You know what motivates me? As our resident geek, I get jazzed by killer digital products that I can integrate into my daily life to make things easier and enable me to live a more sustainable lifestyle. Starting later this month, I’ll begin to share my observations about those digital products, where they succeed and where they fail. First on the list will be Good Guide, Nest, and Practically Green, but before that, let’s explore what for me is a constant source of internal debate.

3 ways to better manage your water risk in an era of scarcity

Read the full story at GreenBiz.

Water bills make up a tiny fraction of operating costs even for companies that use vast amounts of the stuff, and ample supplies have traditionally been taken for granted. But in many areas of the United States and around the world, fresh water is becoming increasingly scarce, polluted and contested.

According to a recent study led by McKinsey, the world may face a 40 percent shortfall between forecast global water demand and available supplies by 2030. In this high-risk environment, companies with water-intensive operations and supply chains – energy, mining, manufacturing, food and beverage, electric power – have the most at stake.

How to turn plastic bottles into $78 million of biofuel

Read the full story at SmartPlanet.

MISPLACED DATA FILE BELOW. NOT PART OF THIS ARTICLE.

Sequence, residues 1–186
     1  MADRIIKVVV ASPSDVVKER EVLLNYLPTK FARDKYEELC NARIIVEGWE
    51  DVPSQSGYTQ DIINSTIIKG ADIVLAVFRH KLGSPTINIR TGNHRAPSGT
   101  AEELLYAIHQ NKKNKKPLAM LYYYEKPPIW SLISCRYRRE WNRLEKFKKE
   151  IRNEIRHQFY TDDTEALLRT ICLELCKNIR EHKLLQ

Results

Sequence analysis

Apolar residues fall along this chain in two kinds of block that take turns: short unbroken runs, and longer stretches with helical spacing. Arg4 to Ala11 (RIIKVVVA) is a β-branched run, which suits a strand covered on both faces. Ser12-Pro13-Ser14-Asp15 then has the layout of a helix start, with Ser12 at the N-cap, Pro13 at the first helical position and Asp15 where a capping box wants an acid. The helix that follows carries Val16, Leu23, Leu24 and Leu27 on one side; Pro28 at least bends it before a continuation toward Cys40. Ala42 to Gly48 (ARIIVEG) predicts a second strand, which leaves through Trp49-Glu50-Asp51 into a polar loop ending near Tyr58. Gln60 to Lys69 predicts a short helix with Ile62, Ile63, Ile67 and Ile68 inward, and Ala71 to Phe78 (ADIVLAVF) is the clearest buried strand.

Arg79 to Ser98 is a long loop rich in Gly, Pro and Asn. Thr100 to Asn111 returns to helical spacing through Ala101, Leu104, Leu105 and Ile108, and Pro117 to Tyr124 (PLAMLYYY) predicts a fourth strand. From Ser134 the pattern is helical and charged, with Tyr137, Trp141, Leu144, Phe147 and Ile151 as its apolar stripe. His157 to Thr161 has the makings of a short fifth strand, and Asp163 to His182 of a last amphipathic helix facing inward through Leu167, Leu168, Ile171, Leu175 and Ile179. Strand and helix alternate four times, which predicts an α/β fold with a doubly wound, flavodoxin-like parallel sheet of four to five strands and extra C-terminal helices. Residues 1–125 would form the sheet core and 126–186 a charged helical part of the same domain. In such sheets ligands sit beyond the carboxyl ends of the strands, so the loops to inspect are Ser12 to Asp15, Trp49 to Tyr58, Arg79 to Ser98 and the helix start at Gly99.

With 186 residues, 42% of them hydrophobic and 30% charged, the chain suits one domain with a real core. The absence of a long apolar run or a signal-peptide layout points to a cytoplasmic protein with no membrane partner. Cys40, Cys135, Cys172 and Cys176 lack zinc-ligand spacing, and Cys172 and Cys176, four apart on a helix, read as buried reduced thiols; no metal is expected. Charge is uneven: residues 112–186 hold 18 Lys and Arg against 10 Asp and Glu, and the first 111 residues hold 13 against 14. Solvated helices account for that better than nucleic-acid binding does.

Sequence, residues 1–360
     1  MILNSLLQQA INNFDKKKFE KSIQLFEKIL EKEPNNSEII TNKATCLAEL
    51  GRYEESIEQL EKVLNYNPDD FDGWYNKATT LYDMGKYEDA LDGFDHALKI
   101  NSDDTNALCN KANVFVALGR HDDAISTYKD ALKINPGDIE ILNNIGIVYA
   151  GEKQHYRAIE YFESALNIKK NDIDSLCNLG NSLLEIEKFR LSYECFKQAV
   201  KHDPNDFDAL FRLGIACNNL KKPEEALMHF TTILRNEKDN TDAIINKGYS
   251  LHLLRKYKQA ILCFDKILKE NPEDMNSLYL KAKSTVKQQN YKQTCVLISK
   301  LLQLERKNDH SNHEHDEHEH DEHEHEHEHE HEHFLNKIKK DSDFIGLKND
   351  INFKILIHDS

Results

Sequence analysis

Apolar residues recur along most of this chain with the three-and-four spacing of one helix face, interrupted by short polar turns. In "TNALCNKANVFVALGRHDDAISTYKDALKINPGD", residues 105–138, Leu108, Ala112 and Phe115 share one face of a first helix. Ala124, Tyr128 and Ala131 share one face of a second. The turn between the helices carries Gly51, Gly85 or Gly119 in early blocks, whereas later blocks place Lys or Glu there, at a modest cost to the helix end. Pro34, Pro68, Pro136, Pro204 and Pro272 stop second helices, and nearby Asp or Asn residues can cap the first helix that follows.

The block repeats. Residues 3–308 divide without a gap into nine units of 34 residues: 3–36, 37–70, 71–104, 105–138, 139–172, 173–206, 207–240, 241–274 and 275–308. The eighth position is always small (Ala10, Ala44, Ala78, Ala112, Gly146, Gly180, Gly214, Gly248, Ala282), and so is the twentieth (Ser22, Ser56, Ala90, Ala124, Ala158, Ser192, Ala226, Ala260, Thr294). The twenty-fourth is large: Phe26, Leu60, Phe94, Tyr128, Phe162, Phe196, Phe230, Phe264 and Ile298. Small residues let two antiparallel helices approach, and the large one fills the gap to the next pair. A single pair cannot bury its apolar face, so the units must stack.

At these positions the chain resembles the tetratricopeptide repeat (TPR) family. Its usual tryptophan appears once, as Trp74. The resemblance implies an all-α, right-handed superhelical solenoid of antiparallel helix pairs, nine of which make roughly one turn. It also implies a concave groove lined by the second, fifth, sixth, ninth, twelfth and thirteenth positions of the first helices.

Ah, teenagers these days. With their love for fast cars and power-hungry gadgets, it shouldn’t be too surprising that being environmentally responsible is probably the last thing on their mind. But every once in a while you’ll get a youngster who goes way above and beyond the call of duty.

Meet Azza Abdel Hamid Faiad. The 16-year-old Egyptian high schooler has just come up with a way to turn non-biodegradable plastic waste into clean-burning biofuel. Considering that in Egypt about 1 million tons of discarded plastic pile up in landfills each year, her discovery would allow the country convert all that trash into $78 million worth of ethanol annually.

This is all made possible by an catalyst called aluminosilicate. Comprised of aluminium, silicon, and oxygen, aluminosilicate minerals have been used in the past to produce the strong, impact-resistant glass found in helicopters and smartphones. But what Faiad discovered was that, as a catalyst, it can also be harnessed to break down plastic polymers to produce methane, propane and ethane — all of which can be used as raw stock for producing ethanol. This type of conversion has been proposed before, though Fiad’s idea would generate higher overall yields of ethanol.

Tuesday Webcast for Industry: Public Relations Aspect of Energy Efficiency Projects

Tuesday, August 14, 2012 2:00 PM – 3:00 PM EDT
Register at

Public relations is a key component to the implementation of energy efficiency projects and—when executed correctly—is an essential contributor to replication of these projects. Lisa Calhoun, CEO for the Atlanta-based PR firm Write2Market; Robert Shively, CEO of Metadigm Services; and Chris Miller, marketing manager for Ecologix Environmental Systems, will provide an overview of public relations best practices and offer tips and tricks for receiving attention and recognition from senior management.